Bisantz emcees cabaret fundraiser for Regent Theatre

Posted on October 20, 2020 by Leave a comment

Lowell’s own Jerry Bisantz, dons his emcee cap on Friday, November 6 to headline “Lyrically Speaking,” a cabaret fundraiser for The Regent Theatre in Arlington. The theatre is near and dear to Bisantz, who has done many shows there, including “God Help Us!” in 2019 with the legendary Ed Asner.

  Bisantz, the multi-talented actor-playwright-director and artistic director-co-founder of Image Theater, headlines an equally gifted group of performers to aid the local playhouse that is struggling due to the pandemic, like many theatres nationwide. 

   The cast includes Gail Phaneuf, who was born and raised in Chelmsford. An actress, playwright and musical composer, Phaneuf has written two hit shows — “Monsters: The Musical” and “The Love Note,” that was performed off-Broadway. 

  Also performing is Gordon Michaels, a Boston Conservatory of Music grad who was in the film “Fame” and sang back-up to the Platters on tour. He has also sung with the like of Patti LaBelle, James Taylor and Natalie Cole.

  Other performers include Patti Hathaway, Bill Spera, Katie Connor, Dorothy Miller, Phil Tayler and Jim Keating. 

  “Michael Larson is our accompanist and Dorothy Miller, his wife, is a talented chanteuse. Bill and Katie are an awesome team that we featured one time at Image,” said Bisantz. 

  Even though he is emceeing, Bisantz will perform three songs, including a duet with Tayler from the musical “City of Angels.” 

  It will livestream at 7:30 p.m. at

  “People can view it on their computers, and if they enjoy what they see — and I know they will, they can hit the ‘donate’ button to keep this wonderful theatre alive,” said Bisantz.

In the wings:

PETERBOROUGH PLAYGROUP: New Hampshire’s Peterborough Players launches Playgroup this Friday. The three two-week sessions are free, presented on-line and designed to give patrons and artists a chance to learn, interact and discover elements that make up the theatre they love. Associate artistic director Tom Frey moderates. In each session, the first meeting offers an overview and discussion of a theatrical topic, specifically the mechanics of comedy, Shakespeare and playwriting. The second, occurring a week later, takes a “deeper dive” into the topic and may include actors performing scenes, interacting with the expert and audience questions. Registration is closed for the comedy sessions, but open for Shakespeare with actor-playwright-Players artistic director Gus Kaikkonen on November 13 and 20 and playwriting with playwright-actor Tracey Conyer Lee on December 4 and 11. For info and to register, visit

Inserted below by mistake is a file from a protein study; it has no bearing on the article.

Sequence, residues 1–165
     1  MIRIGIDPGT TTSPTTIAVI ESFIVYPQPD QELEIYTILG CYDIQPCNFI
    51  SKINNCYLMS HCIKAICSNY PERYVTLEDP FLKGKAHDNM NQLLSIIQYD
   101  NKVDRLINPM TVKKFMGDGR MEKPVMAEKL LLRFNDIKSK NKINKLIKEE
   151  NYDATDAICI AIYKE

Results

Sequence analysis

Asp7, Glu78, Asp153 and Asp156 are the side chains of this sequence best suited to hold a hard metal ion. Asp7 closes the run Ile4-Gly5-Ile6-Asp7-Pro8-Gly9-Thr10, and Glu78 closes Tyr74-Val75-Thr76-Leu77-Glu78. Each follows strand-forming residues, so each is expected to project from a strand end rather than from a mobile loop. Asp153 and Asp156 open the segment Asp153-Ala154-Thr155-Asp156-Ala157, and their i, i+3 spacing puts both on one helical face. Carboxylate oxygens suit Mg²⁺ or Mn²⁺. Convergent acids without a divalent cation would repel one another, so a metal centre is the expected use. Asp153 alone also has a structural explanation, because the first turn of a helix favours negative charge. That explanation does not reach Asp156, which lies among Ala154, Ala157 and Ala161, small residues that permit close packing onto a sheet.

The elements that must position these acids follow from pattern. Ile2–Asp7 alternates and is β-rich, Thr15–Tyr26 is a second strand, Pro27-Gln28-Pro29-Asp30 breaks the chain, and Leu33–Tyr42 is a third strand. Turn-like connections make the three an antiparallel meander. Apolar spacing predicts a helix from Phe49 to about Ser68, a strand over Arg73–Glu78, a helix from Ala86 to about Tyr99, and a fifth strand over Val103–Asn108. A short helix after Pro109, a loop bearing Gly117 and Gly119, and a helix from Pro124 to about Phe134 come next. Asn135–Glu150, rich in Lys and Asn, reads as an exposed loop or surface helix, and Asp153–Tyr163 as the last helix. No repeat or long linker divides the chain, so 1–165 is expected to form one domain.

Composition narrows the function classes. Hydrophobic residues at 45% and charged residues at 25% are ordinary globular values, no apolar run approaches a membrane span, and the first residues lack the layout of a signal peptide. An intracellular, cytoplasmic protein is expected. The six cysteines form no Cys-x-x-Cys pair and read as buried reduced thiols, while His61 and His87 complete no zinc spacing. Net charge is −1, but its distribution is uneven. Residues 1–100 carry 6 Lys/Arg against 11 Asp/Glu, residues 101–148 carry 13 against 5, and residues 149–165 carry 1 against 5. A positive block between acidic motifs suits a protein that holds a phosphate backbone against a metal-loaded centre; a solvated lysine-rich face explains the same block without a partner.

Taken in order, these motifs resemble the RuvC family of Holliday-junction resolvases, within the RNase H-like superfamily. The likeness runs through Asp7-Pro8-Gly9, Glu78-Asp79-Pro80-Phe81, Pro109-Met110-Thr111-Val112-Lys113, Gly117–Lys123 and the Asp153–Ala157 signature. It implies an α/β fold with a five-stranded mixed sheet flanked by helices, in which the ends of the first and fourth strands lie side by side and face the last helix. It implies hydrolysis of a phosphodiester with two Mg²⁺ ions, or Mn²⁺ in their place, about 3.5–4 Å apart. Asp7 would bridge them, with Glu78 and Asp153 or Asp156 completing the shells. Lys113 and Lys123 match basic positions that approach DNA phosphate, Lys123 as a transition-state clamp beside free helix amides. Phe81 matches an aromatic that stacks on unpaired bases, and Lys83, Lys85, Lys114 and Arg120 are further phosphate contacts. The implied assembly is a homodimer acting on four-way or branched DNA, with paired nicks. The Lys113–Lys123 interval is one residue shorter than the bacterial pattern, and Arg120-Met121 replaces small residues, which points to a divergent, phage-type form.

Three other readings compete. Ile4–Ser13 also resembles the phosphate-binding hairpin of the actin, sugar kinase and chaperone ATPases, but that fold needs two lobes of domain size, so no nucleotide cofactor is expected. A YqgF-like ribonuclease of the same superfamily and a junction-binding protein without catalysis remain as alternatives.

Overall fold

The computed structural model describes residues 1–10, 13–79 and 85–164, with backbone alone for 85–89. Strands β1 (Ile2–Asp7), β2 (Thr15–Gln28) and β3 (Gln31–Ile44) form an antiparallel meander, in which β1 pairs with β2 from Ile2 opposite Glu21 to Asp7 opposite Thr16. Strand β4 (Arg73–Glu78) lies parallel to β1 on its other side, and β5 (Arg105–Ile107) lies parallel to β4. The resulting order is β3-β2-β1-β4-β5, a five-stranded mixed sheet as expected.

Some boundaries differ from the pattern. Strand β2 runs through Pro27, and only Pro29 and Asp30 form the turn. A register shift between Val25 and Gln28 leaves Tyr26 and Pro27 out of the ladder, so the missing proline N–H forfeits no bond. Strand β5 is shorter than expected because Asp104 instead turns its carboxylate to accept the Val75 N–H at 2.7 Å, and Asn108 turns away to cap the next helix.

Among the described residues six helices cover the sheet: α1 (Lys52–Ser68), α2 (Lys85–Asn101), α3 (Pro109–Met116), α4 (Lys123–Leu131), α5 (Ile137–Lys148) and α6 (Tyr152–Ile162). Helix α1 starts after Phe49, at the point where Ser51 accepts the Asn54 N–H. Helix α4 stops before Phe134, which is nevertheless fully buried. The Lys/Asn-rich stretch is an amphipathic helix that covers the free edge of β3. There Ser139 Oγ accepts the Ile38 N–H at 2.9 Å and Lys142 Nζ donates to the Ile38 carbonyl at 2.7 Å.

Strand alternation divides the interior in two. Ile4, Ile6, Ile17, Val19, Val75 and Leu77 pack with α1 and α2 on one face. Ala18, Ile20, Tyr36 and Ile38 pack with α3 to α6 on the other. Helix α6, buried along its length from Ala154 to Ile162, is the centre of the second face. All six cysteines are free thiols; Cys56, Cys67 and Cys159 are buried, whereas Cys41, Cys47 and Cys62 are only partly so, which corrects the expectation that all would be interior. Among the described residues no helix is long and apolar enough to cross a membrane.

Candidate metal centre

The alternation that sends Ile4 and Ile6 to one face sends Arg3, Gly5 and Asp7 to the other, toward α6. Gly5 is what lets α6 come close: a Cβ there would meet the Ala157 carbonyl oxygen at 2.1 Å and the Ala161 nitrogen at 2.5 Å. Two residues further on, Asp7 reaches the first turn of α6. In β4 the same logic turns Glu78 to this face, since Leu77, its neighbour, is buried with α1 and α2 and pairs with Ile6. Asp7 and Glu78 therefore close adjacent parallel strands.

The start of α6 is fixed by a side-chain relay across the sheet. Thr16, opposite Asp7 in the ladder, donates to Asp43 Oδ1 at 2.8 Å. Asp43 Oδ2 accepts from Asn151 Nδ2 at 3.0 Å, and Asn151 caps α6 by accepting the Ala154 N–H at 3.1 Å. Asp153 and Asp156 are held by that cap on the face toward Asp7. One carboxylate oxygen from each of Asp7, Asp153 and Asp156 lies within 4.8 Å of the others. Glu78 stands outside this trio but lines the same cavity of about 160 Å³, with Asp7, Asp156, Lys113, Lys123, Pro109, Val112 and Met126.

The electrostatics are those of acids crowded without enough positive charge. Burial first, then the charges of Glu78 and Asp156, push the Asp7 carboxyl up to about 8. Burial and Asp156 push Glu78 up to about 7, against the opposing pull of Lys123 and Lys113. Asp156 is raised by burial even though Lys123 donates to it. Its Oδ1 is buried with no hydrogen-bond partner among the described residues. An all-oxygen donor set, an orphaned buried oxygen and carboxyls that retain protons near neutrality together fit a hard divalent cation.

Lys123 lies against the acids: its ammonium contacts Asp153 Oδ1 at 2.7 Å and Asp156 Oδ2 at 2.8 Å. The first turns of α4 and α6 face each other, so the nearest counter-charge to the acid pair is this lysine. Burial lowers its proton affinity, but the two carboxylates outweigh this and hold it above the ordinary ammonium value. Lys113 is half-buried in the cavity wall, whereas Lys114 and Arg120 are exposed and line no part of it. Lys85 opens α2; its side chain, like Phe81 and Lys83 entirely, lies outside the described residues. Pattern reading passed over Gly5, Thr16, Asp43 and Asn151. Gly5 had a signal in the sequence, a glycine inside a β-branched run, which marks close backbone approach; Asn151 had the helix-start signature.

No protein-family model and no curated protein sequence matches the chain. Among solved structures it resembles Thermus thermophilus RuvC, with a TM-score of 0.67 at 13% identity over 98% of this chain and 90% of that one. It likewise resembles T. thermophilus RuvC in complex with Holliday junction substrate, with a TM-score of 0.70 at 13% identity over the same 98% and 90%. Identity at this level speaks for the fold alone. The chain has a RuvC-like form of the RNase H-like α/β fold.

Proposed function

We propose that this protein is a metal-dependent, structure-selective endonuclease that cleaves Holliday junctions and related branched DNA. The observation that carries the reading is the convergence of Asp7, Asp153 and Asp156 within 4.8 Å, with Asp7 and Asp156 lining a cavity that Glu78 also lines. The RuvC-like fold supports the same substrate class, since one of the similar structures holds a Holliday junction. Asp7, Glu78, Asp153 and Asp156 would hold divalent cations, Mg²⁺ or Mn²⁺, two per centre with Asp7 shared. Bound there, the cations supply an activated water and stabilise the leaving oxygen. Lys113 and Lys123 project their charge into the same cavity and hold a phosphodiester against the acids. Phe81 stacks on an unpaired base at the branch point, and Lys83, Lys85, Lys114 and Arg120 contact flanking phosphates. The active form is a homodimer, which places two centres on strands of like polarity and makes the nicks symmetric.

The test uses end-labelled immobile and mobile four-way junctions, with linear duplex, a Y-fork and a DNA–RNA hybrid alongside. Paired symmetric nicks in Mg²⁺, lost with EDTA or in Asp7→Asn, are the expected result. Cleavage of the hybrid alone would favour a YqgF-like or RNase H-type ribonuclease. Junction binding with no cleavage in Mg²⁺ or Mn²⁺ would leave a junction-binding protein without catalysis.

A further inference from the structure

MRT REMINDER: Don’t forget to check out Merrimack Repertory Theatre’s first show since shutting down in March. On this weekend, it’s a digital offering of “Fannie Lou Hammer: Speak on It!”, a new play with music by Cheryl West about the civil rights icon and voting rights leader. It launches on Friday, October 23 at 7 p.m. and continues through October 25. Free but RSVP at

 MUSIC UPDATE: Lots of news on the music scene this week as orchestras and music schools come up with new ways to stay connected to the joys of music despite the pandemic. Indian Hill Music in Littleton has many fall classes going on for all ages and ability levels. They range from instrument playing to music appreciation. You can learn about IH’s Online Custom Ensemble program in a virtual info session on Saturday, October 24 at 5:30 p.m. on Zoom. The program allows students of all ages, levels and musical styles to collaborate with fellow musicians in small ensembles — online. Participants work with skilled faculty coaches to prepare and record ensemble repertory from house using the latest technology. Call 978-486-9524, email or link to to sign up. 

HOLIDAY UPDATE: Seacoast Repertory Theatre in Portsmouth, N.H. has three holiday shows lined up over the Thanksgiving-Hanukkah-Christmas season. All shows have a livestream option. They include “Songs for a New World,” November 18-December 9; “Winter Wonderettes,” November 27-December 19; and “Honey’s Holiday Happy Hour,” December 13-23. Order a package of two or three shows and get 20 percent off and no ticketing fees.  For info and tickets, visit…Tickets are currently on sale for “Jim Brickman: Comfort & Joy at Home LIVE! Virtually” on Friday, December 18 at 7 p.m. The Grammy nominated songwriter-piano sensation is doing his traditional holiday tour virtually this holiday season, and a portion of each ticket purchased to the live event will benefit Worcester’s Hanover Theatre and Conservatory for the Performing Arts. Tickets are $40, $75 and $125 with higher-priced tickets including a gift box and other amenities. Visit for details.   

Nancye Tuttle’s email address is

Dynamic art showcased at NHAA gallery in Portsmouth

Posted on October 13, 2020 by Leave a comment